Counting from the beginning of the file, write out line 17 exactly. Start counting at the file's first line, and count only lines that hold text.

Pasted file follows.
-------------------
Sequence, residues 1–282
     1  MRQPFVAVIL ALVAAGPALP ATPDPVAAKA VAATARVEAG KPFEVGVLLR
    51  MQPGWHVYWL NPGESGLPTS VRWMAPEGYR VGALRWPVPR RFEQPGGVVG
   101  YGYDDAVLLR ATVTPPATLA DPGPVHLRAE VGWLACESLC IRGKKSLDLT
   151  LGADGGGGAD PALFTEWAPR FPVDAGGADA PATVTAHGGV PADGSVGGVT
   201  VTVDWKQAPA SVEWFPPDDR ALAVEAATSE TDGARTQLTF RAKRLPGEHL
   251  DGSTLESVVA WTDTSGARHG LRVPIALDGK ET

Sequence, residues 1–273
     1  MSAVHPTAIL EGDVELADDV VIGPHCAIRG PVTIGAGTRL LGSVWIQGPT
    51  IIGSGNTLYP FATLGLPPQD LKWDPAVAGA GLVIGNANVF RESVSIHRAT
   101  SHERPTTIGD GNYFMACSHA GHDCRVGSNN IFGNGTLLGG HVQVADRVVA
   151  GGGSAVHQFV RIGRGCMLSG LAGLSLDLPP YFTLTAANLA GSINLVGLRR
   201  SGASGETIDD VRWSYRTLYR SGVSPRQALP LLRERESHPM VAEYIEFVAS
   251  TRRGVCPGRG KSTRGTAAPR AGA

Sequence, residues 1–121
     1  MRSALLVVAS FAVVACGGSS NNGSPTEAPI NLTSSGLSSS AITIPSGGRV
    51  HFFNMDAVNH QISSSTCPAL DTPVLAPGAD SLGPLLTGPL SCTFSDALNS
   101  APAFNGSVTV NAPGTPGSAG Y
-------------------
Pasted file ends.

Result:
    51  HFFNMDAVNH QISSSTCPAL DTPVLAPGAD SLGPLLTGPL SCTFSDALNS